The usual treatment for chronic heartburn or acid reflux is a series of medication, either over the counter or prescription. Heartburn remedies may also be natural and there are many different ways people do this. One great natural remedy for heartburn is a half a teaspoon of baking soda mixed with an 8 ounce glass of water. Some people use apple cider vinegar and a number of other natural products to help relieve the symptoms.
The most important thing to understand is that often times a doctor is going to be necessary as there can be a number of complications caused by acid reflux disease or chronic heartburn. If the stomach acid becomes so excessive, it can actually burn holes in your stomach or esophagus which could result in an emergency repair surgery.
If you have been experiencing heartburn or you have been diagnosed with acid reflux disease; do not hesitate to seek medical attention if you notice an increase in symptoms or pain. It does not take long for things to go bad when you are dealing with acid reflux or chronic heartburn. The good news is that in most cases surgical procedures can repair any damage that has been done to the digestive system.
The bottom line is that what we know today as acid reflux is the same condition people have known as chronic heartburn for years. There truly is no difference other than the name. A diagnosis of acid reflux disease does not mean you are going to die or that you have some horrid condition, it simply means you will have to adjust your eating habits and make some changes to your lifestyle.
With any illness or disease there are usually a number of risk factors. For examples, exposing yourself to certain chemicals can cause Cancer. The same can be said of Heartburn; there are certain foods and eating habits that can lead to this uncomfortable and often painful condition. Knowing what Heartburn risk factors are will help you to avoid the nasty symptoms associated with it.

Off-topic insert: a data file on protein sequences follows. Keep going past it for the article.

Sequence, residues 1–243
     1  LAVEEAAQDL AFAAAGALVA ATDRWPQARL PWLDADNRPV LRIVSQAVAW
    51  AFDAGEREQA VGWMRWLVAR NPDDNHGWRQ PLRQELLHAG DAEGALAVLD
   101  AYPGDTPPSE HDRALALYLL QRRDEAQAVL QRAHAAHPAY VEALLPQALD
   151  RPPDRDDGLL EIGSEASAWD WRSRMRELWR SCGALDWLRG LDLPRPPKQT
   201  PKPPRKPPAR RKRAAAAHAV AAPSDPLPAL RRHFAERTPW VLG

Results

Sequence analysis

Let us start by saying that the term heartburn does not have a thing to do with your heart. It is simply called heartburn because it is a burning pain that travels up the esophagus from the stomach as a result of an excessive amount of stomach acid being produced. One of the most obvious risk factors for heartburn is of course the food you incorporate into your diet. People who eat spicy foods, fatty foods and foods that contain high levels of sugar are often afflicted by heartburn more often.
Being overweight can also cause heartburn as there is added pressure to your stomach and esophagus. Another heartburn risk factor is smoking cigarettes. There is not a lot of information as to why smoking would cause heartburn other than the fact that it irritates the lining of the stomach and lungs. Sometimes when people lie down too soon after eating heartburn can develop. The best rule of thumb is to wait for at least an hour or two after eating to lie down in bed.
It is important to note that heartburn mimics heart attack. The only time heartburn can occur is after food has been eaten. If a person experiences what feels like heartburn four hours before or after a meal a visit to the hospital may be a good idea. Unfortunately, a heart attack can feel exactly like heartburn and vice versa.